CHAGRIN FALLS — Police reports of dogs attacking people and pets this summer prompted the village Safety Committee to pen a “keeping of dangerous dogs” ordinance based on successful regulations adopted by nearby communities.

Council members could get their first look at the legislation on Monday pending the committee’s final review and formal recommendation.

The beefed-up ordinance came about after Chagrin Falls Police Chief Amber Dacek requested “more tools” after at least two repeat offender dogs had allegedly attacked and injured people and their pets and, in at least one case, killed the pet.

The ordinance does not single out any particular breed and exempts law enforcement K-9 officers.

A dangerous or vicious dog is described as one that has chased or approached in a menacing fashion or attack mode or attempted to bite or endanger or injure a person or domestic animal.

Any dog that bites – vicious, dangerous or not – is quarantined for 10 days under Cuyahoga County Board of Health rules.

One or more verified incidents and police reports of an attack in which another domestic animal was killed will result in a warning letter sent by the chief of police stating possible consequences of allowing the dog to be at large.

Chief Dacek said the pending ordinance states the police chief has the authority to take a dog but it is understood she could authorize another party to perform this act. Its not every animal or pet that gets confiscated, she stressed.

“The ordinance gives us more options than what we have but the officer has discretion unless it’s a constant problem,” she said

A dog proven vicious or dangerous must remain on its property at all times and its owner will be required to obtain a $20 permit, the proposal states.

In addition, a warning sign must be posted in the yard and owners of such dogs are required to carry $1 million worth of liability insurance. Proof of insurance must be presented at the time of registration.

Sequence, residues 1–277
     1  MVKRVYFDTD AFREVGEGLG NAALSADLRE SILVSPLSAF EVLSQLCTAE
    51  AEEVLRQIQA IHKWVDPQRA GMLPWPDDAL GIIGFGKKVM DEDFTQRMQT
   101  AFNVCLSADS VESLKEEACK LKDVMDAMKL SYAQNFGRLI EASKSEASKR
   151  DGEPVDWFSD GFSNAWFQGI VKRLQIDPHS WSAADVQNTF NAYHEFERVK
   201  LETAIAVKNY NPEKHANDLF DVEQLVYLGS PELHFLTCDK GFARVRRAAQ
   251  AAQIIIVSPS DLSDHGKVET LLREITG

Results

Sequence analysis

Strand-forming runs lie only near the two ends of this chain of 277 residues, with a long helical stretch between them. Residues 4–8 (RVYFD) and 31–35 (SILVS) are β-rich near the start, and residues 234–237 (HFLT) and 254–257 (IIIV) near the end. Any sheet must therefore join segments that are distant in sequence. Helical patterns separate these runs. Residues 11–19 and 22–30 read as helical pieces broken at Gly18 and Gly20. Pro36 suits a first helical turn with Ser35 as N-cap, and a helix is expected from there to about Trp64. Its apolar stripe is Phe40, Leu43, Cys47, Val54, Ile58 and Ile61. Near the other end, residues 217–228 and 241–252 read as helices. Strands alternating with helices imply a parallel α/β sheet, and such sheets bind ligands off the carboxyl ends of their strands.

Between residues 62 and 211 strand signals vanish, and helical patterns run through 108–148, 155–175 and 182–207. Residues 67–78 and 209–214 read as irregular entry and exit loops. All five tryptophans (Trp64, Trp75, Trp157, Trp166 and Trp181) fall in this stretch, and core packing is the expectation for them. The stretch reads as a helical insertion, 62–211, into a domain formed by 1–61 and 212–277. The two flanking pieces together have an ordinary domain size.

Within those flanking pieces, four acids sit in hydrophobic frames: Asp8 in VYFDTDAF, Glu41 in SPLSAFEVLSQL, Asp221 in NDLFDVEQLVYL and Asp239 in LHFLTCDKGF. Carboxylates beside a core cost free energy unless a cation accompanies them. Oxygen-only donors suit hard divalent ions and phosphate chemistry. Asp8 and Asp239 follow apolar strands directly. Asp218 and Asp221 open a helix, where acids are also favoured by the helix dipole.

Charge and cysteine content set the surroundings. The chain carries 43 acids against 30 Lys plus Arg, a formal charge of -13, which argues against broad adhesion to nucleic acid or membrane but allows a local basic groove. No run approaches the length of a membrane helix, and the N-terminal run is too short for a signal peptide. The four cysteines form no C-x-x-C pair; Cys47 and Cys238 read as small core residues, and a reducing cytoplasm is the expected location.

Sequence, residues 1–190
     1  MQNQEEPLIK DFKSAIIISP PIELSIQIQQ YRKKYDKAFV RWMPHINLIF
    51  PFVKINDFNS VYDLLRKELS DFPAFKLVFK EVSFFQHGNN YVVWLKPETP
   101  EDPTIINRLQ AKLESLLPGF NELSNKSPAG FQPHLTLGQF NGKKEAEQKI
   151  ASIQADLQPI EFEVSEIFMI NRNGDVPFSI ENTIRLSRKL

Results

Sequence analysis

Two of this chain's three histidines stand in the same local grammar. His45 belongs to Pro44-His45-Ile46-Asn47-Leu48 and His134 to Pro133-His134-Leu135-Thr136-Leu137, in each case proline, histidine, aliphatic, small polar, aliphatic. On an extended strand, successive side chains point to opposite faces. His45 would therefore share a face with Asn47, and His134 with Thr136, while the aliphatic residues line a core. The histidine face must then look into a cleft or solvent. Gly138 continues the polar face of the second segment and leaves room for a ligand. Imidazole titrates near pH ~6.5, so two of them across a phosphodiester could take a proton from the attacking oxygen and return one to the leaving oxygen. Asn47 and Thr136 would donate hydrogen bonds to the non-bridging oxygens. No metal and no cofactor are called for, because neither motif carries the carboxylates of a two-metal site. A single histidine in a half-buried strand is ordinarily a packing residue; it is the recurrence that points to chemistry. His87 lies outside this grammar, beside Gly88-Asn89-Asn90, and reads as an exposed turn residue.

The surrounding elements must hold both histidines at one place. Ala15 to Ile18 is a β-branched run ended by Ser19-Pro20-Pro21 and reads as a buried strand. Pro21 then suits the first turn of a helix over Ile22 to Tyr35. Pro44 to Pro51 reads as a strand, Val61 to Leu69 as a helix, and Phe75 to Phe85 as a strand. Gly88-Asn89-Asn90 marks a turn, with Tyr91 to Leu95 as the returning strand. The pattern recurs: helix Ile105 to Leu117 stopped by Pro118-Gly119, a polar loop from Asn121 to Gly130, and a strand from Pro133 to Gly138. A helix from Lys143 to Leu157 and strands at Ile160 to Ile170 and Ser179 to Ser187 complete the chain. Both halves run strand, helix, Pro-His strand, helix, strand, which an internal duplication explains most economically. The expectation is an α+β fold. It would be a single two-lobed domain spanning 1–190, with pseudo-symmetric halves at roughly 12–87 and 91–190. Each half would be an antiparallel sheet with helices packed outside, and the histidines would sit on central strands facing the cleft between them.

If the owner fails to obtain a permit, the dog can be seized and impounded in a kennel chosen by the owner or the police department and released only after the owner produces a permit and pays impound and boarding fees.

If the animal is not reclaimed after five days, it will be considered abandoned and could be destroyed or “otherwise disposed of” by the village.

In the case of legal action, offending dogs must remain kenneled until a ruling is made. If the court deems them a repeat biter and continued threat, offending dogs could be ordered destroyed or “banished from the village.” There is an appeal process.

The ordinance states that when kept outdoors on its property, the dog must be penned or muzzled and tethered to a two-foot-deep in-ground stake to which a three-foot-long, 300-pound strength chain or leash is attached.

Dangerous or vicious dogs are not permitted to be walked on a leash outside of its own property.

Patios and porches are not acceptable as “keeping” locations. In addition owners of vicious and dangerous dogs kept indoors must secure areas through which the animal could escape including open doors and windows including those that are screened.

All dogs, no matter their temperament, must be licensed by the county in which it resides and may not run off leash in the village or its parks even if its owner is in the vicinity.

Councilman Andrew Rockey, the safety committee chairman, called for comments from residents toward the conclusions of the session. There were none.

“I am surprised , I was expecting members of the public to show up,” he told the committee.

“You know how people are about their dogs, no matter how bad we think it is to them, it’s a wonderful dog that would never hurt anybody,” offered committee member and Councilwoman Nancy Rogoff.

The committee briefly discussed whether to add cats to the regulations but agreed they are, so far, not a problem and complaints are few.

“I don’t think we have many cats running amok” in the village, Mr. Rockey mused. “Let’s leave it out for now. We could be starting an argument but if cats become an issue in the future we can always come back and take another look.”

A veteran reporter and columnist, Barbara Christian has been covering Chagrin Falls since 1967 and is currently responsible for Chagrin Falls village events, government and school board news along with her weekly column "Window on Main Street."

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